In collaborative design practice, computational tools are becoming ever more utilised to help bridge the gaps between designers, consultants and contractors who search for streamlined exchange of information. Despite early promises of BIM software developers to provide us with tools that assist collaborative design practice, most BIM authoring tools facilitate tasks of individual professions such as architects, structural consultants, MEP consultants or quantity surveyors.
The interdisciplinary collaboration aspect of BIM is mainly relegated to the coordination of multiple 3D models through interference checks and clash detection/reporting. These tools barely foster collaboration proactively but they allow for better integration of already defined design components.
Paradoxically, one of BIM’s main goals - namely the early integration of architectural design, engineering analysis, and fabrication constraints is rarely (if at all) achieved with the tools available to the professions involved. A lack of adequate tools and technology is not the sole reason for this shortcoming. Contractual frameworks such as design, bid build make it nearly impossible to tie together design to construction to operational concerns early on, even if the participating parties have a high level of technology know-how and BIM expertise.
If one considers contemporary design practice, both, exploratory design, as well as the delivery focussed design for integral elements to progress projects. They do not necessarily occur in sequential order, but at times designers and entire teams go back and forth between the two in order to reach the most satisfying outcomes. One witnesses a recursive interplay between open-ended solution finding and goal focussed problem solving. Traditionally it was the predominantly the architect who came up with new ideas, overthrowing previous concepts and changing direction while engineers (and others) had to follow suit. This often meant time-consuming remodelling of their previous efforts and re-run of simulation and analysis. The added effort for engineers in doing so, by far exceeded the architects’ effort in changing things around in the first place. It is therefore understandable that those depending on the architect’s input are resistant to rework their part within a project again and again.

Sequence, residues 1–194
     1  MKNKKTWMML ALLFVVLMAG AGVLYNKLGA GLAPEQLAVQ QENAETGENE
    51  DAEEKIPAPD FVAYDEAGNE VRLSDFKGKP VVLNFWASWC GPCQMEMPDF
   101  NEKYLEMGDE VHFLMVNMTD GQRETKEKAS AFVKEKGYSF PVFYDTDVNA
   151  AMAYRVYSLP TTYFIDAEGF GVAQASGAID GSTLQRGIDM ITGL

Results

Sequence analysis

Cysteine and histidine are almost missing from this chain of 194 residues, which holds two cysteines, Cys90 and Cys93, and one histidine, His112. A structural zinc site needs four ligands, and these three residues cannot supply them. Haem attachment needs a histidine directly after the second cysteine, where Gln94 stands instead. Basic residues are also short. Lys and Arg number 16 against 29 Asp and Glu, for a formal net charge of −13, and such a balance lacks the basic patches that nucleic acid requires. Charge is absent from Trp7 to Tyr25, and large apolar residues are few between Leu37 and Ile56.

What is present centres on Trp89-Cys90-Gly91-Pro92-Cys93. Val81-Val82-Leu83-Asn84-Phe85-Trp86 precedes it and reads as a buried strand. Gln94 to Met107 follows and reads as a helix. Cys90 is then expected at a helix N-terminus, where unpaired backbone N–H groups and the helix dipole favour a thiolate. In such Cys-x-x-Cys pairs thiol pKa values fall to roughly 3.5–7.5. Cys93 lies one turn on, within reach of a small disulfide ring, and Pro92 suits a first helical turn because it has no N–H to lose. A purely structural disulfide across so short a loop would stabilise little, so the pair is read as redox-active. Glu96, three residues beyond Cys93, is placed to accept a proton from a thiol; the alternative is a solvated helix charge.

Current developments in computational tools for design analysis, as well as BIM based document authorship point towards greater convergence between the two. This development gets assisted by the increasing connectivity between collaborating parties, as well as the increase in speed for simulation and analysis through the cloud. Technological and connectivity boundaries between design, simulation and analysis continuously get eroded and this leads to greater potential for architects and other consultants to interact in close to real time.